We start by proclaiming the good news of salvation in Jesus Christ to all human beings on planet earth – and we have a long way to go yet to finish the task. But a mission-centred theology of the cross is so much more than the salvation of individuals. It includes bringing all creation – everyone and everything - under the reign of Christ.
Think for a minute what the message of the cross will look like once we understand its implications for mission. If we have a mission-centred theology of the cross,
1. We will be more concerned for others than for ourselves.
Yes, it is wonderful to know we have been forgiven and are in a right relationship with God through the cross of Christ. But the very cross by which we have been saved was given for the whole world. As the angel of the Lord said when he announced the birth of Christ to the shepherds,
I bring you good news of great joy that will be for all the people. (Luke 2: 10)
I would argue that everyone who has been saved has to share it with others or they have not been truly saved.
Christ's love compels us, because we are convinced that one died for all...that those who live should no longer live for themselves but for him who died for them and was raised again. (2 Cor. 5: 14-15)
If Christ's death on the cross was just for our personal salvation, surely we would be taken to heaven as soon as we are saved. But as Paul reminds us
We were therefore buried with him through baptism into death in order that, just as Christ was raised from the dead...we too may live a new life. (Rom. 6: 4)
If once we are saved, there is nothing to do but wait for Christ to return, baptism would end with our immersion in the water. As Dr. Gerald Griffiths has said, “If the only goal of the cross was our personal salvation, when we are baptized we would be held under the water - and we would go straight to heaven.” But no, we are raised from the water of baptism just as we are raised to new life with Christ in order to serve others and participate in God’s master plan to reconcile everything to Himself. We are children of the resurrection and we will bring new life to the public square, to our neighbourhood community, in creation care, in the arts until we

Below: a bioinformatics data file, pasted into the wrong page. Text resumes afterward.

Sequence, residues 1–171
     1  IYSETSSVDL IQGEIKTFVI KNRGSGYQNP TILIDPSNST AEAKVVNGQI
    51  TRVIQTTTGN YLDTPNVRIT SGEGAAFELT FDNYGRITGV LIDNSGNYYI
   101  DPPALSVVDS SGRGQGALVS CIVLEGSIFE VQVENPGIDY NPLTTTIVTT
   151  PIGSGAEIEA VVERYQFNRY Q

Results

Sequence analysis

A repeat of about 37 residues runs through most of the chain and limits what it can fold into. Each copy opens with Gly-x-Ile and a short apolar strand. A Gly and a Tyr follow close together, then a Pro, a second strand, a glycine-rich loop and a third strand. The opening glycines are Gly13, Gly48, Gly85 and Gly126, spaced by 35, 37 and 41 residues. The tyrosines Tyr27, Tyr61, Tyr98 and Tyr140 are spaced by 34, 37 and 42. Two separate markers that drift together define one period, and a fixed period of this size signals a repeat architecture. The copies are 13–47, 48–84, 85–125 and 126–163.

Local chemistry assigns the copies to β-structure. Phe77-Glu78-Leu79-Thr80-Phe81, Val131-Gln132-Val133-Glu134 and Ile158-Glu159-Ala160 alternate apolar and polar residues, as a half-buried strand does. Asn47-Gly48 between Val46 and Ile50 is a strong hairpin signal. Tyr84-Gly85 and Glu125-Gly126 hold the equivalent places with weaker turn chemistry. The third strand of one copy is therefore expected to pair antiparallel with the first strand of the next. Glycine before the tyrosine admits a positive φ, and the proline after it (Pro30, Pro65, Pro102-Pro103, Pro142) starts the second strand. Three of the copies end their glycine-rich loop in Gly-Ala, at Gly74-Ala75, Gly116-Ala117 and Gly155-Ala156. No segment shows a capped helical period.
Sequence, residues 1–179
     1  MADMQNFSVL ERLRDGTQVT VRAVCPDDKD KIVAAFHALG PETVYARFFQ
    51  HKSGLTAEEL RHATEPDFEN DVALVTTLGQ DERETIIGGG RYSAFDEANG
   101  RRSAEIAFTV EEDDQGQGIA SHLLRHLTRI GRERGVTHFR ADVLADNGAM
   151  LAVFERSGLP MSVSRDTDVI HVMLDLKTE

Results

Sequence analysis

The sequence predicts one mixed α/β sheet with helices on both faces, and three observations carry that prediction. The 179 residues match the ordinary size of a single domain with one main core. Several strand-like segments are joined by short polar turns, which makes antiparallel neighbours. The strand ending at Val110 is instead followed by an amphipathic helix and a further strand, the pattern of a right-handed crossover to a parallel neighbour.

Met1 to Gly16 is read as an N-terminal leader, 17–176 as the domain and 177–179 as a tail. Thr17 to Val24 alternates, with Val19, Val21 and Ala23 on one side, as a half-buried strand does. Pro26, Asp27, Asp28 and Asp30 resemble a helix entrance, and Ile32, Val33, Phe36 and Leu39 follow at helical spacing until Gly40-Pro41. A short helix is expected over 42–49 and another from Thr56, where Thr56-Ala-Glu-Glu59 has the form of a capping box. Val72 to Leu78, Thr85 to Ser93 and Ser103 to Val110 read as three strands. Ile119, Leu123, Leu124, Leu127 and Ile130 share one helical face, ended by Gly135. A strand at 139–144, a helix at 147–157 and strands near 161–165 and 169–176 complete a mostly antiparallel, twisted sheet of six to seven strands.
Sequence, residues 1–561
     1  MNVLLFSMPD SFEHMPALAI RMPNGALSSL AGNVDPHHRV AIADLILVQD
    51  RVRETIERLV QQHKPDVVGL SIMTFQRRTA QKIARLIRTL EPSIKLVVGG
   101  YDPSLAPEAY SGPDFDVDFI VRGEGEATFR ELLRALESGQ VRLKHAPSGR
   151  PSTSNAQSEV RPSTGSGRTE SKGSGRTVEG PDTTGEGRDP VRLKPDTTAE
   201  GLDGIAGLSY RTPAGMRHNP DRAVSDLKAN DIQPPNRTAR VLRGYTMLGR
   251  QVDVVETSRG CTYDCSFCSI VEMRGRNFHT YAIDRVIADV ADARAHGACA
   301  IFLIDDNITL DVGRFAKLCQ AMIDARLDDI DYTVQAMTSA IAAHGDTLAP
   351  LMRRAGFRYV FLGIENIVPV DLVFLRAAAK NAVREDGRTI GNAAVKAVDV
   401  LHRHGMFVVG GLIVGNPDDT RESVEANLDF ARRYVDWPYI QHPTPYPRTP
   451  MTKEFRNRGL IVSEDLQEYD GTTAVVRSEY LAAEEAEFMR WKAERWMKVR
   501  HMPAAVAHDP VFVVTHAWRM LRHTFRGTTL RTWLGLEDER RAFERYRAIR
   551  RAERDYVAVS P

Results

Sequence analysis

“take captive every thought to make it obedient to Christ” (2 Cor. 10: 5b). That is what a mission-centred theology of the cross implies. We no longer live for ourselves, but for Him who died for us and was raised again in order to reconcile the world to God.
Secondly, if we have a mission-centred theology of the cross,
2. We will understand our full identity in Christ.
Earlier we quoted Luke 20: 36 :
They are God's children since they are children of the resurrection.
That is who we are in Christ: children of God and children of the resurrection. No matter what identity the world or your parents or your peers may assign to you, you are children of the true and living God and children of the resurrection, enjoying eternal life here and now. The Scripture elsewhere says,
If we are children, then we are heirs – heirs of God and joint heirs with Christ...(Rom. 8: 17)
We are God's children, we are God's heirs and so much more. We could go on describing all the different wonderful aspects of our identity in Christ, but there is one that is especially relevant to a mission centred theology of the cross. Paul writes to the church in Ephesus,
We are God's masterpiece, created in Christ Jesus to do good works, which God prepared in advance for us to do. (Eph. 2: 10)
That is who we are because of the cross – God's handiwork, God's masterpiece, and God's poem - all different translations of one beautiful Greek word. They all point to us as part of the new creation with one purpose in mind. The reason we have been created new in Christ is to do good works, which was God’s plan for us long before we were saved or even born. In doing good works we are
God's co-workers (1 Cor. 3: 9). God has a mission in the world and he saved us and made us into new creations so we could participate in his mission. There is an unbreakable connection between the cross and the mission of God; we are it. Our mission in life is to do the good works which contribute to God's mission of reconciliation of everything to himself.